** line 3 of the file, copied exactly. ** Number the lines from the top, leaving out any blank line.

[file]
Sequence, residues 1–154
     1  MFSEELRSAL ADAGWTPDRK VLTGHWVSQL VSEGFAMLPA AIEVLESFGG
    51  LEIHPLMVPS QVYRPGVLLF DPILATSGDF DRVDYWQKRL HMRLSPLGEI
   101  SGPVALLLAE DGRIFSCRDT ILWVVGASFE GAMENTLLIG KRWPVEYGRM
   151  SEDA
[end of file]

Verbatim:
    51  LEIHPLMVPS QVYRPGVLLF DPILATSGDF DRVDYWQKRL HMRLSPLGEI